“What’s your biggest regret over the last year?” My wife’s question pierced the silence. For the first time in months we had a quiet day together. We began processing this year’s pandemic, rioting, political confusion, and more.
My answer surprised me. I have many regrets related to our marriage, our family, my holiness, and our church. What surprised me, though, was how quickly I was able to identify one regret that stood above the rest.
How I’ve cast the vision for our church.
As someone who is wired entrepreneurially and loves spending time with my head in the clouds, my admission shocked us both. As we began excavating what was beneath that statement, one thing became clear: people in our small church plant were hurt when the aspirational didn’t become the actual.
I spent untold time crafting the perfect vision, and our core team sacrificed to join this planting journey largely because of it. When the vision and the experience didn’t match, though, it was deflating. People became disillusioned. Disappointment soon set in. I felt like everyone was secretly crying, This isn’t what we signed up for.
Casting vision for our church plants is good. But the vision shouldn’t just communicate our mission; it should serve our people. Now that I’m several months removed from first setting the pace and tone of our church, I’m pondering the ways I wish I’d done it differently.
If given the opportunity, I’d rewind and avoid three vision-casting errors.
1. Creating Limited Focus
I love evangelism as much as the next church planter. My heart beats for the lost, and I lose my mind every time I witness a baptism. I’ll never let my foot off the gas pedal of developing a culture of multiplication. Yet in constantly casting a vision of who we wanted to reach, I was overlooking the people we already had reached. Oftentimes, I lamented over the people who were not at our gatherings instead of ministering to the ones who were.
In constantly casting a vision of who we wanted to reach, I was overlooking the people we already had reached.
I regret casting a vision with the primary goal of evangelism. That’s a limited view of our role in the mission. Our main goal is discipleship. Evangelism is simply the doorway into discipleship (Matt. 28:16–20). And I’m convinced deep discipleship of God’s people leads to sweeping evangelism of God’s soon-to-be people.
2. Setting Unrealistic Standards
Our church quickly moved out of the gates, and it was exhilarating! It was also appetizing. I wanted more, and there was never enough. In my well-intentioned vision-casting of multiple services, a fully funded residency program, innumerable baptisms, and reproduction of churches, our members were left wondering if they were too ordinary to be here.
Every drop of vision we leak to our congregation creates standards and expectations. In my eagerness to keep our church full of momentum, my vision focused on fruitfulness to the sad neglect of faithfulness. Our church has struggled to let our grace-gifted identities produce grace-fueled actions. Instead, we’ve emphasized action over identity, doing over being. No wonder this has led to worn-out participants.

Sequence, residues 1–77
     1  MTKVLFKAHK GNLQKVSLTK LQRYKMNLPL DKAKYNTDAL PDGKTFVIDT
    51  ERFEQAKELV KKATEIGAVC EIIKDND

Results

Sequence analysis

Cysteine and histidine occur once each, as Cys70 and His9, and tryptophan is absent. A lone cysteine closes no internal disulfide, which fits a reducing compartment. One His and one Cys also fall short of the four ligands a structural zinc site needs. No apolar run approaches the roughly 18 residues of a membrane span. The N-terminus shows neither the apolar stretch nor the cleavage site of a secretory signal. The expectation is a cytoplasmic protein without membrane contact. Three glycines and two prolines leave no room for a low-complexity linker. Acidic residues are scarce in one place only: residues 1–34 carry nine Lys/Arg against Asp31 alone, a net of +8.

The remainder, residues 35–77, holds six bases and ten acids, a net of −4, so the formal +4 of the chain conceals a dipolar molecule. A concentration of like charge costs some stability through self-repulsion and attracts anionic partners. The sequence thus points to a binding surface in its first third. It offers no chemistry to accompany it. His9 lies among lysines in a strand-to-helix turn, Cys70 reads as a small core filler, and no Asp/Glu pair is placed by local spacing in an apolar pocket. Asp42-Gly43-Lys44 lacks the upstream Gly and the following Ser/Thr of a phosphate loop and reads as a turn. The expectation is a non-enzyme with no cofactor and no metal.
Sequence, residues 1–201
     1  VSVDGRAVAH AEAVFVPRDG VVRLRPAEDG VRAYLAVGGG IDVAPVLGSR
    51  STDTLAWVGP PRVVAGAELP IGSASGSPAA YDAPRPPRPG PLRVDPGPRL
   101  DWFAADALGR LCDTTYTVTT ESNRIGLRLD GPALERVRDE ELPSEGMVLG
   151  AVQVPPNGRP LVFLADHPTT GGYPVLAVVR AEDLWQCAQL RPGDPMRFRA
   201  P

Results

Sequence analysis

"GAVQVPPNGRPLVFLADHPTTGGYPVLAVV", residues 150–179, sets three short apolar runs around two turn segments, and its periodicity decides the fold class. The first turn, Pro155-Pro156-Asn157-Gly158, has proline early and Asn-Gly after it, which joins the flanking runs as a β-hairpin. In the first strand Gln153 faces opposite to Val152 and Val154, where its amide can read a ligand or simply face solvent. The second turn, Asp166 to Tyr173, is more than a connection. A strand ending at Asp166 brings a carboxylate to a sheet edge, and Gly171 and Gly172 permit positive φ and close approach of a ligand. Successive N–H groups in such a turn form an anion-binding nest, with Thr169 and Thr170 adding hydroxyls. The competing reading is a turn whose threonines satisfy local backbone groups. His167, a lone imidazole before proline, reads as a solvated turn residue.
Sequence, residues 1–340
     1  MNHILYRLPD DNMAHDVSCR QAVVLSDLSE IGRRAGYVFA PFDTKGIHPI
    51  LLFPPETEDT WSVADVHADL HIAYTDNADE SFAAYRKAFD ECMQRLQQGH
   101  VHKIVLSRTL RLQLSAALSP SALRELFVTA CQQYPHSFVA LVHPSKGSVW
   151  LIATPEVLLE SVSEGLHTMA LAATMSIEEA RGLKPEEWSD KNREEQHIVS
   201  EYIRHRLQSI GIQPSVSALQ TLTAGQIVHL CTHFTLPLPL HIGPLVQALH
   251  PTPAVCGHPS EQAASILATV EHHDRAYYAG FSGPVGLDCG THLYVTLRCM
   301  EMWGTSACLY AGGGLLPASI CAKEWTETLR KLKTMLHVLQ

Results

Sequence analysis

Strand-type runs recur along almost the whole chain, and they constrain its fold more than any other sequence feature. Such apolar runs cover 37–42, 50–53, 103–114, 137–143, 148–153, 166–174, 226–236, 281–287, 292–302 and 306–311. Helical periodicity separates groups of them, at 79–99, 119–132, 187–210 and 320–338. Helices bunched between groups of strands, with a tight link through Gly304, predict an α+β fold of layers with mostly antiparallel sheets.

The standards created by our vision must first deal with the wildly generous grace we have in the gospel. We were lost, dead, and orphaned. But Christ has found us, given us life, and adopted us into his family (Eph. 2:1–9). I want my church to get this before they get anything else.
3. Ignoring Obvious Discrepancies
At Story Church, we’re learning of the painfully stark difference between the aspirational and the actual. We’re a church that prays, but we’re not yet a praying church. There’s a difference. By God’s grace, we’re moving toward becoming a praying church, but until we get there, it leaves blanks to be filled about our devotion to prayer.
Church planters, let’s spend less time crafting the perfect vision for our churches, and instead start living and leading out of God’s vision for his church.
In casting vision, we must be careful to emphasize the years of hard work it usually takes to see our aspirations become reality. And it requires everyone doing their part. Worse yet is when folks come to the church excited about the vision we’ve cast, but who quickly grow discontent when they feel they were sold a false bill of goods.
I regret the way I’ve gone about vision-casting for our church plant. But even in my regret, the Lord’s been kind to remind me that, ultimately, it’s not about me or my vision. This is his church, and it’s his vision laid out in his Word that matters.
God will bring an unfathomable number of dead sinners back to life (Rev. 7:9). He will glorify himself through a people feasting on his mercy (Is. 43:25; Ps. 25:11). He will multiply his church to every corner of this globe as he redeems people from every tribe, tongue, and nation (Mark 16:15; Rev. 7:9). And he will use his people, armed with his Word and full of his Spirit, to do it (Acts 1:8; Rom. 1:16–17).
Church planters, let’s spend less time crafting the perfect vision for our churches, and instead live and lead out of God’s vision for his church.